I’m a fantasy author, but it may surprise you to know that my first love was science fiction. I still have strong memories and impressions dating back to 1977 when I was sitting in the Century movie theaters on Winchester Blvd in San Jose (which, incidentally, kind of looked like a trio of mini-Death Stars) and watching Star Wars. You know, the original. That was an event that shaped my love of the genre. So in honor of Rogue One coming out next month, I’m dedicating this blog to the science fiction favorites of my childhood and why I loved them.
- Star Trek: it was a tradition in my house on Saturday afternoons to watch re-runs of the original Star Trek. I loved the cheesy fight scenes where Kirk always got beat up but still managed to win the fight in the end. Troubles with Tribbles always made me laugh. Harcourt Fenton Mudd. Some episodes were funny. Some were scary. I loved it when Spock nearly broke into a smile when he realized he hadn’t killed his friend Jim Kirk after all in a fight-to-the-death scene. Phasers set to stun!
- Star Wars: I can still remember feeling the movie theater trembling as the Star Destroyer went overhead. Light sabers were so cool, but I was afraid of them at first because one wrong move and you lose a limb. I favored Han Solo more than Luke (“Hoke religions and ancient weapons are no match for a good blaster at your side, kid!”) and when he showed up to save the day as Luke was about to destroy the Death Star, I wanted to jump out of my seat and cheer.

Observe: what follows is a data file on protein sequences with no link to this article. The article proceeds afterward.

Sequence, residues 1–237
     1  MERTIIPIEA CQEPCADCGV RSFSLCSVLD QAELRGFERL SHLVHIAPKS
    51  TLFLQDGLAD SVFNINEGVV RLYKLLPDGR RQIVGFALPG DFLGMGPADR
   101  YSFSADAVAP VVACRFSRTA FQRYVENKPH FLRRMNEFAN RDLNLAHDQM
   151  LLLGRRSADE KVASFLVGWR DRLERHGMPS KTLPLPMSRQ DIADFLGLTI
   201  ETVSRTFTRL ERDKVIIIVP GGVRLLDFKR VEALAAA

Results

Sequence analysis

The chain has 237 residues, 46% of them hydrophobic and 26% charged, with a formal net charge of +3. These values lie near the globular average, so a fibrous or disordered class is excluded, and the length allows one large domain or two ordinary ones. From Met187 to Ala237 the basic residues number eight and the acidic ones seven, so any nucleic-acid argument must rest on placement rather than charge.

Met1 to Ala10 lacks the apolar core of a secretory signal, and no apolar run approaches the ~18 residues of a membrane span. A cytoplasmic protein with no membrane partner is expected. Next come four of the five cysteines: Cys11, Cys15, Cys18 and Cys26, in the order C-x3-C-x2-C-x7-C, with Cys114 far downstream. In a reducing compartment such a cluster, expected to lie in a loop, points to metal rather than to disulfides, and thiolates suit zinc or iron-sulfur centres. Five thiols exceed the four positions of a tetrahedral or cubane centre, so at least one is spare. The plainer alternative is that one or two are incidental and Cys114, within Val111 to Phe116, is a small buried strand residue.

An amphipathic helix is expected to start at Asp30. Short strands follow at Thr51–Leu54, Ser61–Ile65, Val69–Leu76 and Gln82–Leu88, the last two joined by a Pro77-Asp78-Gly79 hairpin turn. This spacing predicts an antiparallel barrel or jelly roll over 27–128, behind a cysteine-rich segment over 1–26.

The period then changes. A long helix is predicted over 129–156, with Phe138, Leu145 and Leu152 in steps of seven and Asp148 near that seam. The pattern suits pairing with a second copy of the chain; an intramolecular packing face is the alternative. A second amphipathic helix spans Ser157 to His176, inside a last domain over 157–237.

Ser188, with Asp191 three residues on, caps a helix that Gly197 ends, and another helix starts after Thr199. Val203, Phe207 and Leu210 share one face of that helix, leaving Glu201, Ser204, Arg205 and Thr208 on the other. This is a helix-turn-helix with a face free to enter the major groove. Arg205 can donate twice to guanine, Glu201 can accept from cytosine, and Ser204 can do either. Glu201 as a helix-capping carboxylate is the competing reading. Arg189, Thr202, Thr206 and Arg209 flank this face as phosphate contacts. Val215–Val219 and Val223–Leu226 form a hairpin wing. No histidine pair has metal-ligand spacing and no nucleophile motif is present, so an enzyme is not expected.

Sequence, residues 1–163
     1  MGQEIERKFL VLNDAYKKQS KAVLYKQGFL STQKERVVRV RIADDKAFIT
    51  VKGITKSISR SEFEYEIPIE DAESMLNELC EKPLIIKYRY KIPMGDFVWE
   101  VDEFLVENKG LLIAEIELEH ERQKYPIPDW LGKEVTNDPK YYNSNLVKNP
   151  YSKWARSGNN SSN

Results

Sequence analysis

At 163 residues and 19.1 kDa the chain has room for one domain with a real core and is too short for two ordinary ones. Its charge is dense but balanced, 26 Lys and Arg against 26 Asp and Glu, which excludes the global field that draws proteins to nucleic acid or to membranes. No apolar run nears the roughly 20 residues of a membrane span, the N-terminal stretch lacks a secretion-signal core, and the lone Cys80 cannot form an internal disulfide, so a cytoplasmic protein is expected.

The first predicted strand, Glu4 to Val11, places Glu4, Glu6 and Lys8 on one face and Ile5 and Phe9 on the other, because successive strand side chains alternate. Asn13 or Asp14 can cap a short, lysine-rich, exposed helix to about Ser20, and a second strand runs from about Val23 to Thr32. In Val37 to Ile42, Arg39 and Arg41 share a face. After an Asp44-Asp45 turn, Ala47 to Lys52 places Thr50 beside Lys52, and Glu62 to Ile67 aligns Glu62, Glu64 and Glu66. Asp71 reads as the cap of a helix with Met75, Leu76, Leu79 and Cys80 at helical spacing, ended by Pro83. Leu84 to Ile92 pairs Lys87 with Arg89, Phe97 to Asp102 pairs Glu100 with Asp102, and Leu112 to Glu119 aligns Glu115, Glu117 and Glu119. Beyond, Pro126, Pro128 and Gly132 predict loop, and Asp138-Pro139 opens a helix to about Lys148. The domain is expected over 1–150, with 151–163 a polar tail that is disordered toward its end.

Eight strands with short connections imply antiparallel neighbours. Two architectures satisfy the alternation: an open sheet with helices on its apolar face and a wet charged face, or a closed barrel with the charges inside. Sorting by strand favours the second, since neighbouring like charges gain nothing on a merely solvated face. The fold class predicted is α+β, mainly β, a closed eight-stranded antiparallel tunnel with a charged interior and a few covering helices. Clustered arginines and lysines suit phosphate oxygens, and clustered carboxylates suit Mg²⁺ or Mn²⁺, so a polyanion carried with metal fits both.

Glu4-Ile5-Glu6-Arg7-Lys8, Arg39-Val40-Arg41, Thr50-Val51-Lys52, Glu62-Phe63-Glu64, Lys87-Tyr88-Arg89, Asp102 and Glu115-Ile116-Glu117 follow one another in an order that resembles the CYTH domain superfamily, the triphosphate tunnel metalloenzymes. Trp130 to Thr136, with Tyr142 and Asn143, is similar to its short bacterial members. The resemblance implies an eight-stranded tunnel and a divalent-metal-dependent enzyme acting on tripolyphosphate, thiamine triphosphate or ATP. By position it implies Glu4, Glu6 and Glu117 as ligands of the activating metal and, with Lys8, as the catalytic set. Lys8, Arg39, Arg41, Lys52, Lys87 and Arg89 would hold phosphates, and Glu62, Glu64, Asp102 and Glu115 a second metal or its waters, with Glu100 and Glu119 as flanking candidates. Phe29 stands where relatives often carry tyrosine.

- The Black Hole: this was a much-hyped Disney movie that I was so excited to see but it was actually very boring. I wanted to like it! I was incentivized to like it. The thought of a space station perched at the edge of a black hole was so cool and the special effects were not Star Wars level but interesting. Maximillian the robot with the helicopter blades was terrifying. I loved Vincent the floating droid.
- Lost in Space: not the lame movie but the original TV show! This is about a family that literally gets lost in outer space and visits strange planets. Great family dynamics and the robot was just funny and cool. The theme song was a favorite of mine for years. The villain/antagonist (Dr Smith) kept shifting from conniving to cowardly to pathetic. In fact, I think Maderos created the word pethet just to describe him. But I still remember the show very well. My brothers and I used to make paper characters out of the various cast members and play with them. There was no such thing as binge-watching back then!